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The following is presented as part of The Columbian’s Opinion content, which offers a point of view in order to provoke thought and debate of civic issues. Opinions represent the viewpoint of the author. Unsigned editorials represent the consensus opinion of The Columbian’s editorial board, which operates independently of the news department.

In Our View: Police body cameras part of needed reforms

The Columbian
Published: February 3, 2023, 6:03am

The killing of a 29-year-old man by Memphis police officers demonstrates the limitations — and the possibilities — of police-worn body cameras.

Knowledge that their actions were being filmed and preserved did not prevent officers from engaging in an attack that their own police chief called “heinous, reckless and inhumane.” Tyre Nichols died three days after being beaten by police following what started as a routine traffic stop.

But the presence of bodycams did provide the public with painful answers to necessary questions about what exactly happened. Memphis police released four videos of the beating — three from body-worn cameras and another from a camera perched atop a light pole.

As the issue draws national attention and renews calls for police reform, it also reinforces the need for police departments in Clark County to continue their push toward the use of body cameras. The evidence provided by such cameras not only illuminates police actions, but protects officers from specious claims of brutality.

Efforts to implement body cameras and dashboard cameras among local law enforcement have moved in fits and starts, but they are progressing.

In August, Clark County voters approved an increase of 0.1 percent to the sales tax for the funding and operation of bodycams and dashcams. The fact that the tax increase was supported by 59 percent of voters is a strong signal that the public views the devices as an important facet of public safety.

As County Councilor Gary Medvigy said when the council agreed to put the measure on the ballot: “I think it’s been universally supported throughout the county by law enforcement. It provides more transparency. It provides for better policing. It provides more evidence of what happened to get to the heart of charging decisions or settlement decisions.”

The county is joined by other local law enforcement agencies. In Vancouver, $3 million in city funds has been combined with a $1.5 million federal grant for the implementation of a camera program that is expected to cost $5.5 million over five years. And last year, the Camas Police Department became the first local agency to begin using body cameras.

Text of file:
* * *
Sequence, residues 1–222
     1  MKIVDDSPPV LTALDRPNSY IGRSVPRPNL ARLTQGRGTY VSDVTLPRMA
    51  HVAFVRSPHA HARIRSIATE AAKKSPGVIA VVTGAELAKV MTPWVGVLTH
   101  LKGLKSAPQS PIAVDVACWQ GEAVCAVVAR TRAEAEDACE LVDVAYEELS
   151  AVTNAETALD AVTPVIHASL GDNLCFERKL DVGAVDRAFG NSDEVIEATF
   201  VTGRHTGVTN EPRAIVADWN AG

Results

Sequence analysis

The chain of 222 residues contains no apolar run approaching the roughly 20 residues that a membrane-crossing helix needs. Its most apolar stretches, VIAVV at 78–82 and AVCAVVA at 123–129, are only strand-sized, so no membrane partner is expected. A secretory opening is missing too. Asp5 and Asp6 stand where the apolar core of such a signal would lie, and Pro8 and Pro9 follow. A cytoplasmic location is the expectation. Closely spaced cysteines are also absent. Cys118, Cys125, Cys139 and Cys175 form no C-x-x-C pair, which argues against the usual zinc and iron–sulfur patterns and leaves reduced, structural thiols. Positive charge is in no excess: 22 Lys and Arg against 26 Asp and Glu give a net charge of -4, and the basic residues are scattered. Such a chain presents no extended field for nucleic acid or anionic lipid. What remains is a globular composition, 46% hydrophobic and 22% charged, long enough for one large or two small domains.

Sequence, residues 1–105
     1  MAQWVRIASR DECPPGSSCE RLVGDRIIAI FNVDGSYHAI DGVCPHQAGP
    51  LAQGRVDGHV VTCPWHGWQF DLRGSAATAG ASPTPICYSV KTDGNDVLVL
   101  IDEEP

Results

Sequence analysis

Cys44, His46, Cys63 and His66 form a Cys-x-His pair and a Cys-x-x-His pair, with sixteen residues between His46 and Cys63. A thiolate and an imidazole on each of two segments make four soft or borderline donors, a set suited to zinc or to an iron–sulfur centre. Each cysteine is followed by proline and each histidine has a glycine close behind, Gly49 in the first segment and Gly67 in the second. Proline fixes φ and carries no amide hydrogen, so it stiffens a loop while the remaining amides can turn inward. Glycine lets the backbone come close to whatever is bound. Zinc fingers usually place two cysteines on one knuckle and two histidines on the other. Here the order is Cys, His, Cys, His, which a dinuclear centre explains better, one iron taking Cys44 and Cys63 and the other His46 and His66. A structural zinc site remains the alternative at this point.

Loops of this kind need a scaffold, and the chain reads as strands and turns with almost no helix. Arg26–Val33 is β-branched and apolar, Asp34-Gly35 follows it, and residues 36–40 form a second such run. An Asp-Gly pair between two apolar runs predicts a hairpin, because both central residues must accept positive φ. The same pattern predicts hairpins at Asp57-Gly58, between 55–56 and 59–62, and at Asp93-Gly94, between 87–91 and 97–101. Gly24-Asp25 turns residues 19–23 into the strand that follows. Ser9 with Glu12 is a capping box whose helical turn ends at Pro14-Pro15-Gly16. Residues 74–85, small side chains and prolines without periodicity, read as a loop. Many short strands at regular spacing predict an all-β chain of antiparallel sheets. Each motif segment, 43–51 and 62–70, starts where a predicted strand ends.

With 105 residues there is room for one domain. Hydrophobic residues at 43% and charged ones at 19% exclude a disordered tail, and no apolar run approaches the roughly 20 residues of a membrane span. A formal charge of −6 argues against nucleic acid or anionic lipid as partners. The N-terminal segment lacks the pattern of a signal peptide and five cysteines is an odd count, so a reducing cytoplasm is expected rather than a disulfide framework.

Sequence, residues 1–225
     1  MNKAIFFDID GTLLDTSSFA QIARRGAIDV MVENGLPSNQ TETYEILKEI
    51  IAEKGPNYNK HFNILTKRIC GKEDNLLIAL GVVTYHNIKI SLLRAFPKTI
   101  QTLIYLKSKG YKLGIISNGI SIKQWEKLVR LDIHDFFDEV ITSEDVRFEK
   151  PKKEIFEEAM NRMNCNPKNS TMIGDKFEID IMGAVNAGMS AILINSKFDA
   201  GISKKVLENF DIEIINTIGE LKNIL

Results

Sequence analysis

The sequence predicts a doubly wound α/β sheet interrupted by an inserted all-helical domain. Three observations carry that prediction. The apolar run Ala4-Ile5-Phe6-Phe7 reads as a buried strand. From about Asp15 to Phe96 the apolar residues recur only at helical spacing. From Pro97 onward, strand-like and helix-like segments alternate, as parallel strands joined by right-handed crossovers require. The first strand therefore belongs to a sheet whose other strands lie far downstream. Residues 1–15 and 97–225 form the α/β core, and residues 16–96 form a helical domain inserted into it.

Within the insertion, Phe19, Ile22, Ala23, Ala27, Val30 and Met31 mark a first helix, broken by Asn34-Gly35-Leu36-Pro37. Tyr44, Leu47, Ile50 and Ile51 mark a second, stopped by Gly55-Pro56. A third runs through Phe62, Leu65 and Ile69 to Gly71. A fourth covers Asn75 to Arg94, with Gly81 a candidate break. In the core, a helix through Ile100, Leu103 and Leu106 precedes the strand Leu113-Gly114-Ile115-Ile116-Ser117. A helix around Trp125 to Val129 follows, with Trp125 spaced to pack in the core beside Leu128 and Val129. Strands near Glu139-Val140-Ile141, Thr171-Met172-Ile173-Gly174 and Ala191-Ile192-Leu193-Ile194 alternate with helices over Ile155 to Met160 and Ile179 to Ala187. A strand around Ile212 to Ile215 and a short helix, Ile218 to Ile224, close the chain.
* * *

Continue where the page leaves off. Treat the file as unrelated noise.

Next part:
Body cameras should be viewed as an essential piece of modern policing, but they are not a panacea. As Vancouver City Councilor Ty Stober has said: “Cameras are a point of reference. They are not truth.”

As camera programs are implemented — and as incidents of brutality draw national attention — it is important to ponder what the public expects from the presence of bodycams. As Rachel M. Cohen wrote this week for Vox.com: “While body-worn cameras have represented a widely adopted reform, it’s hard to find much evidence that they’ve substantially improved community trust.”

Various studies have indicated that police body cameras have reduced the use of force in fatal and nonfatal encounters by 10 percent. But questions about their efficacy remain, pointing out the need for additional police reforms.

In Washington, several measures could be meaningful: The establishment of more training facilities, including one in Vancouver; ensuring that officers fired from one agency don’t land law enforcement jobs elsewhere; revamping pursuit laws and allowing officers to do their jobs.

Some of those have been addressed and warrant additional scrutiny. Finding a balance that best protects the public is an ongoing endeavor, and body cameras are only one part of ongoing reform.